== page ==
The booths at Chicago Pizza and Oven Grinder Company on Clark Street are small. But the six of us jammed in well enough last Thursday night. True, when my napkin slid off my knee and onto the floor I only momentarily considered trying to somehow snake my hand down and reach for it — a physical impossibility — before simply asking the waiter for another.
If you are unfamiliar with the Lincoln Park fixture, that’s because it’s not one of the behemoths of the Chicago pizza world, no Lou Malnati’s or Giordano’s. Here, you purchase not deep dish or thin crust pizza, but a sui generis concoction of cheese and dough baked into a bowl and flipped over. We usually skip it and make a meal out of just a salad and the parmesan-dusted Mediterranean bread — it’s that good. There aren’t many restaurants where you eagerly anticipate the salad dressing; this is one of them.
But we had newcomers — our sons’ girlfriends — who of course had to try the pizza pot pie to achieve the Full Chicago Pizza and Oven Grinder Experience. Of the six, I was the odd man out. The professional status of the others were: one assistant attorney general for the state of Illinois, aka my wife; three recent law school graduates studying eight hours a day for the bar exam next week, otherwise known as my sons and Girlfriend B, plus Girlfriend A, still in her third year at NYU Law.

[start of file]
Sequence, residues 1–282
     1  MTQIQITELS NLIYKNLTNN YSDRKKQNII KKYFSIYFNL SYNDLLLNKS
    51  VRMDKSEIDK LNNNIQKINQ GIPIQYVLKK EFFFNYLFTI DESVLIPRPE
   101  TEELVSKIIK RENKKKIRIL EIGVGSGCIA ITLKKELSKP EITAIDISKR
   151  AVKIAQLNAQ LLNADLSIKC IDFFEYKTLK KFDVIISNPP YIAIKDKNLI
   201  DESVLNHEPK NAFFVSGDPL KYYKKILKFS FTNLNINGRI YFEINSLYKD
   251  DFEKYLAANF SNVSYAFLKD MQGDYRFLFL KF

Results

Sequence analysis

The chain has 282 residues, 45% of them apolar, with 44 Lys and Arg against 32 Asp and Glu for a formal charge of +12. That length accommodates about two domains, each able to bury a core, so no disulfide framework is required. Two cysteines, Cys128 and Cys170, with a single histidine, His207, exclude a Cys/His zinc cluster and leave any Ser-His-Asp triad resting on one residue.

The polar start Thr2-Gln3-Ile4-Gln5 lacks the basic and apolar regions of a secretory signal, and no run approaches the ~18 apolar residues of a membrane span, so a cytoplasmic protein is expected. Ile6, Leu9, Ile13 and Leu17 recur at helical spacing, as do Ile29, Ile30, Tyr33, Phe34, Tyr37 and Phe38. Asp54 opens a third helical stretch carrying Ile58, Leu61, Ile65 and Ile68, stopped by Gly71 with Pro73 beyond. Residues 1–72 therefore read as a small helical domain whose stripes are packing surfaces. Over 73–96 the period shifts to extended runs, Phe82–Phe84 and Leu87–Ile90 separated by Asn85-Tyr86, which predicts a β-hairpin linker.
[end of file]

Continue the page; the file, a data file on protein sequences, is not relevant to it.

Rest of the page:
You’d think at some point, while conversation flowed around the Rule Against Perpetuities, post-bar-exam trips and the tax benefits of living in New Jersey that somebody would turn to me and say, “What, are you not a lawyer?” But that would require more attention than a dad typically receives in these situations. I knew my job here was to keep my mouth shut and pay for everything, a task I performed admirably, if I say so myself. Although I did slip up once and begin to speak about reading literature, prompting my wife to immediately manage, somehow, to reach under the table and tap my knee, the international signal for, “You’re talking. Why are you talking? Don’t talk.”
Otherwise, I was on my best behavior. Girlfriend A has been around for over a year, but Girlfriend B, a recent development, had never met us before. I withheld my natural question: “Why are you here? Are you crazy?” and instead asked, “Where did you go, undergraduate?” When she answered, “University of Southern California,” I nodded sagely and said the first thing to pop into mind: “Trojans.” Their mascot. That’s what I meant, anyway, not Trojans the brand of prophylactics, though I did instantly worry about my comment being interpreted that way, that I’d inadvertently said an off-color remark that would be joyfully seized by my sons and dangled in my face for the next decade. They didn’t seem to notice.
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